Born in Tokyo, I’m a city girl at heart. It’s been very exciting to see the investment going into Wollongong CBD with more bars, restaurants and big name stores opening here.
What kinds of local activities do you and your family enjoy doing recreationally?
We live right near the beach because we love it so much. Our family is always there; to swim in summer and make sandcastles in winter. There are also lots of parks to choose from along the beachside cycleway. My two daughters are spoilt for choice.
On weekends, we often go out for breakfast at Kiama or Berry. These tourist destinations are all so close from Wollongong.
On our rare nights off from parental duty, my husband and I love trying the new small bars and restaurants in Wollongong CBD.
What do you feel is unique about Wollongong?
The quality of life in Wollongong makes it a very special place. You can enjoy the laid-back coastal lifestyle but at the same time, easily make a day trip into the hustle and bustle of Sydney CBD.
We often visit family and friends in northern Sydney, or take a train into Wynyard for a work meeting. I don’t feel isolated at all having moved to a regional city.
“I think you get the best of both worlds when you live in Wollongong.”
How does living in Wollongong differ from other countries or cities you have lived in?
I have lived in Japan, Singapore, San Francisco, Brisbane, Cairns and Sydney. Of all the places I have called home, I think Wollongong could be the most underrated. Its image as an unrefined or unsophisticated city is no longer valid.
Whenever we have visitors from Sydney or beyond, they are surprised by the beauty of Wollongong as well as the cosmopolitan lifestyle it has to offer.
“Wollongong is a refreshingly vibrant and inclusive city with a rapidly changing demographic.”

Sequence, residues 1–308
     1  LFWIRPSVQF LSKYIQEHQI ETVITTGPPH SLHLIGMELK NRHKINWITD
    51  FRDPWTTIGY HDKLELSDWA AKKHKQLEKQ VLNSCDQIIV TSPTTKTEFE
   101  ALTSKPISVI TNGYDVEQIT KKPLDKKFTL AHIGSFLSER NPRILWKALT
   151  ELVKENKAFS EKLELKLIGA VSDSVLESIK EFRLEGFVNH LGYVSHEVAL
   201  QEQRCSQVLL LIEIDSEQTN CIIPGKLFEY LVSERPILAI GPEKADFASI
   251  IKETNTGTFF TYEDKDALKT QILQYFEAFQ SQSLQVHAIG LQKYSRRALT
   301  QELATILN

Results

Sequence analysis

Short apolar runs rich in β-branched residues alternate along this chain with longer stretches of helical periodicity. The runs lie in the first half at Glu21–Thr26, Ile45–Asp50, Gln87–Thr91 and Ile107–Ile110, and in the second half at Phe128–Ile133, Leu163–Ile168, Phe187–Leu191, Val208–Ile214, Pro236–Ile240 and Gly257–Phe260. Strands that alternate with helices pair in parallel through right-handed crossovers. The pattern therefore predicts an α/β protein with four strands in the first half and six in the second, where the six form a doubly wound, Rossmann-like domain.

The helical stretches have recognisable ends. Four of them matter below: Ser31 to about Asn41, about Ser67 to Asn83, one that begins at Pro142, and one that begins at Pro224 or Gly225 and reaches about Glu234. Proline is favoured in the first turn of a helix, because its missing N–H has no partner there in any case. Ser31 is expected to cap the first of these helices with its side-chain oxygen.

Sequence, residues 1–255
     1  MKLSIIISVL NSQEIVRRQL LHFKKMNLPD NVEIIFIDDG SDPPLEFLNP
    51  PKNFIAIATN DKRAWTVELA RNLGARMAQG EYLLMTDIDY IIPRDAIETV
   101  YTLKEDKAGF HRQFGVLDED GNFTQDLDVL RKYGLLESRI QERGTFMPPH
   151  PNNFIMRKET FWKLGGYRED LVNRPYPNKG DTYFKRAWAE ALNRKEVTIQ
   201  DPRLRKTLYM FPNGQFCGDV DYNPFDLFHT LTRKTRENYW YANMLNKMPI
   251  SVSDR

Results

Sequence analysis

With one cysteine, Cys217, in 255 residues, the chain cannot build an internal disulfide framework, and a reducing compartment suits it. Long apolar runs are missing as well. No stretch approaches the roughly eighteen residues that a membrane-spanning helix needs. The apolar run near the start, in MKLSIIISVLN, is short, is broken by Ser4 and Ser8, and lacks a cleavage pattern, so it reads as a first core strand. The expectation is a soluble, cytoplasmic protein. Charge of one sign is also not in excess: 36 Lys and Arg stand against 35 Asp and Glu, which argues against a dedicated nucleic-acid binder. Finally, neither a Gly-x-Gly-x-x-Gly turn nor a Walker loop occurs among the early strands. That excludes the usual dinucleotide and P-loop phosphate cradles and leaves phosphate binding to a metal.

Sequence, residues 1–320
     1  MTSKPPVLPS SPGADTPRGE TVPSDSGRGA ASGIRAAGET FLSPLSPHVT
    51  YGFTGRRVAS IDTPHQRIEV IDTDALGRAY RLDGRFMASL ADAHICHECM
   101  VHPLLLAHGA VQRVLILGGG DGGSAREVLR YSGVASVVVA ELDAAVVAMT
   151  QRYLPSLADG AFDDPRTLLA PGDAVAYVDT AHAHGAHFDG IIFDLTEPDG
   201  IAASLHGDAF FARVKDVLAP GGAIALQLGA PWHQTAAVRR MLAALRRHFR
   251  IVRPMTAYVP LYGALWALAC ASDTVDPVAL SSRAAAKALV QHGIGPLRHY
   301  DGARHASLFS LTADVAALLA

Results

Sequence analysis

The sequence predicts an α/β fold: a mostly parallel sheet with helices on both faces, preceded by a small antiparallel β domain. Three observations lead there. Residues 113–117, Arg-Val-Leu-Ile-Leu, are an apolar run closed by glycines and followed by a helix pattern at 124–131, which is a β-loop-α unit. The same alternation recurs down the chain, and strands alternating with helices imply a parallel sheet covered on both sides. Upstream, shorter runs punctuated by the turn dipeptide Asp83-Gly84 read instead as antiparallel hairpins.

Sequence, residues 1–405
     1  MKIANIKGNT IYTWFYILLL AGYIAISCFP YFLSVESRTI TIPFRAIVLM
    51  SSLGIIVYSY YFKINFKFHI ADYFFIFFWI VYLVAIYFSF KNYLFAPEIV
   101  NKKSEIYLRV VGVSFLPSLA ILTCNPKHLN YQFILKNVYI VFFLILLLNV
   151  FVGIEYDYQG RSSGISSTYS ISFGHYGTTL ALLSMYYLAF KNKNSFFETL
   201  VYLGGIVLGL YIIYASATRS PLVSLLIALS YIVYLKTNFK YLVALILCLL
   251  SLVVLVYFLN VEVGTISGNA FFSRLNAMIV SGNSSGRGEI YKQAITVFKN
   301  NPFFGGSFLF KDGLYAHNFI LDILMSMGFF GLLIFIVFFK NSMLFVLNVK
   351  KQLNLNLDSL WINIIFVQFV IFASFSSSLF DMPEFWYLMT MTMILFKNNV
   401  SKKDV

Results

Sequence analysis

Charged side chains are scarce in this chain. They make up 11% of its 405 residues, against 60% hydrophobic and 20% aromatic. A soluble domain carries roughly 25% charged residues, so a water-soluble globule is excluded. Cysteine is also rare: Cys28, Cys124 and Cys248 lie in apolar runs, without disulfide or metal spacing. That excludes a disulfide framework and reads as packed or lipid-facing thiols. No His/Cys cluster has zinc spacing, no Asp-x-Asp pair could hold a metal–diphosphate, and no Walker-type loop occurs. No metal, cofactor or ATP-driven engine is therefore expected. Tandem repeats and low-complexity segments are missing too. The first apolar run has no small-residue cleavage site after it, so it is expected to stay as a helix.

How would you describe the people of Wollongong?
I’ve found there’s an infectious love for Wollongong amongst the locals. Especially those who have left Wollongong to live in big cities, only to be drawn back to its natural beauty and laid-back lifestyle. People I meet here feel genuinely lucky to call Wollongong home, which truly is a testament to this city.
Also, it’s been a pleasant surprise to find tech workers, entrepreneurs and a very creative community in Wollongong. In general, people are welcoming and unpretentious; happy to welcome newcomers into their community and the city they love so much.
What Wollongong resources and services have been valuable in settling into your new life?
As a new mother, various playgroups organised by local organisations such as Big Fat Smile and Playgroups NSW were invaluable for me to make new friends.
In my professional life, the ZigZag Hub has been a wonderful place to work as well as to meet like-minded business owners. The meetups hosted by Siligong Valley is the best way to become part of the growing tech community in Wollongong.
I now co-host the marketing arm of the Siligong Valley meet-ups. We have 50+ attendees at each event with word spreading rapidly.